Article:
Millenniels, Mirth, and Money: Making Gen Y Laugh and Learn Pays for Credit Unions (Part II)
This is the second of a three part series on Gen Y and credit unions by guest author, Kathy Klotz-Guest. The first post was published last week, and can be read here. The second part of this series discusses using videos, contests and social media. Read more below:
Video: Gen Y consumers watch a lot of online video (research firm ComScore reports the average American viewed over 23 hours of video in the month of December 2011) and, today, a growing number are watching them on mobile devices. Video is your chance to connect with this audience at a human level in ways that traditional media cannot. Based on research I have conducted with more than 100 companies, the most important factor in video success is having a great story that is relevant to your audience. If your video happens to go viral, that’s great. Your goal, however, is to connect with your audience in a meaningful way and prompt them to take some specific call to action.
If computer giant IBM, viewed as stodgy and out of touch just 10 years ago, can change its image and poke fun of itself in the now famous “Art of the Sale” videos, so can credit unions. Video should humanize your brand, not bore people. That’s what collateral is for! There are credit unions creating some innovative and funny videos. One of the best videos to speak about the benefits of credit unions is a spoof of Apple’s celebrated Mac v. PC ads (Bankerspank.com or YouTube). The younger, cool guy represents the credit union, while the stodgy, “stuffed suit” represents the bank.
This video series, a handful in all, works well for a number of reasons. First, it’s a funny parody of well-known commercials. Secondly, it uses elements of “story” and metaphor to make its points, and to connect on a human level. The fact that a Gen Y actor plays the ‘cool’ role of the credit union—the banking equivalent of a Mac—is salient. Thirdly, the video series also educates younger viewers on the important differences between banks and credit unions without trying to sell a particular credit union.
Finally, it upends expectations about the way credit unions are marketed. It’s even okay for your credit union to poke fun at itself and its history (for example, maybe you haven’t always been on the vanguard of technology adoption)—as long as you demonstrate that you have changed and are looking to create better relationships with younger customers. Humor shows humility, and it signals to your audience, “Hey! We get it. We know how we have been perceived, and we’re ready to change.”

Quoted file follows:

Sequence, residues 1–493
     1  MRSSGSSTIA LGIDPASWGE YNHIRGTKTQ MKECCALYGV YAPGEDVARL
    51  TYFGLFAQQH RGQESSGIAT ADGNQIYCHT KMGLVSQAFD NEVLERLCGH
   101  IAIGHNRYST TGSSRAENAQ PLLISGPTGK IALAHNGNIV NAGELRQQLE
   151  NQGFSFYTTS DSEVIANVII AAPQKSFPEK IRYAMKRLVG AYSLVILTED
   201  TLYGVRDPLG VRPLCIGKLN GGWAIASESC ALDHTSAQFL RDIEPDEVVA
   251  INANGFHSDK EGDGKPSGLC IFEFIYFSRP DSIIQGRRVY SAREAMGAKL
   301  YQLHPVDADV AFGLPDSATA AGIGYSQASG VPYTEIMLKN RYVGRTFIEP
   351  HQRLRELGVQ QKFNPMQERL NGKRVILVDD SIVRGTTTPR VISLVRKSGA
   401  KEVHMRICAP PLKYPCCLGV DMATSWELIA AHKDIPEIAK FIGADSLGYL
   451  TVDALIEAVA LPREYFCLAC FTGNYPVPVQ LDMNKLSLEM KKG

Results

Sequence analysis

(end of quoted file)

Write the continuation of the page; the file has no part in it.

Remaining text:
Another example of a fun video that shows credit unions with personality is “The Winning Team” by University of Kentucky (UK) Federal Credit Union. It shows a handful of bored Gen Y credit union employees who start an impromptu baseball game in the office. The fun is unexpectedly endorsed by the boss. Besides providing a great laugh, this video did not cost much to produce. Quality content is not the same as quality production. Content trumps production values, according to my research on video storytelling. The potency of the message is an important one: This credit union believes fun and service are all parts of a compatible winning team that serves, and is served by, Gen Y members. This matters, given that the credit union is associated with a university system. It’s a good example of what a lighthearted tone (and a relevant message) without a heavy budget can do. And just as with the Credit Union v. Bank video, this video is short. The ideal video is under two minutes.
Contests: Social media also enables content to be interactive and shared in a way traditional media does not, so take advantage of its participatory elements. People love to create and share their own content. Allowing users to participate by creating their own media (CGM, consumer-generated media) is a way to increase engagement and fun and enable your audience to help tell your story to peers. It’s also a great way to stretch your marketing budget and ensure that content is created by your intended audience with their own needs in mind. Fairfax Credit Union in Virginia launched a video contest for the Gen Y Extreme Checking Account commercial (on YouTube). They invited members of Gen Y to create short 30-second videos about the credit union’s new Gen Y Extreme Checking service.
This effort worked on a number of levels. First, it facilitated awareness and engaged Gen Y members to create content and, in turn, educate their peers about the new “Extreme” service. Secondly, the videos were funny, absurd and odd— an authentic reflection of Gen Y humor created by Gen Y participants. Finally, by inviting members to create their own videos, the credit union expanded its reach without having to create all of its own content. Often, an organization’s best storytellers come from outside its walls. Your engaged fans are your best and most credible referral sources. Just remember to make it fun, encourage creativity and allow them to share their creations on Facebook, YouTube and Twitter.
Stay tuned for the last post in this series!
About Kathy Klotz-Guest: Kathy Klotz-Guest, CEO of Keeping it Human, helps organizations connect with audiences on a human level and get better marketing results. In her 20-year career, she has led successful marketing and communications strategies for high-tech, financial and services firms. A founding fellow for the Society for New Communications Research and comic improviser with the ComedySportz San Jose Rec League, she can be reached at firstname.lastname@example.org, or via LinkedIn and Twitter.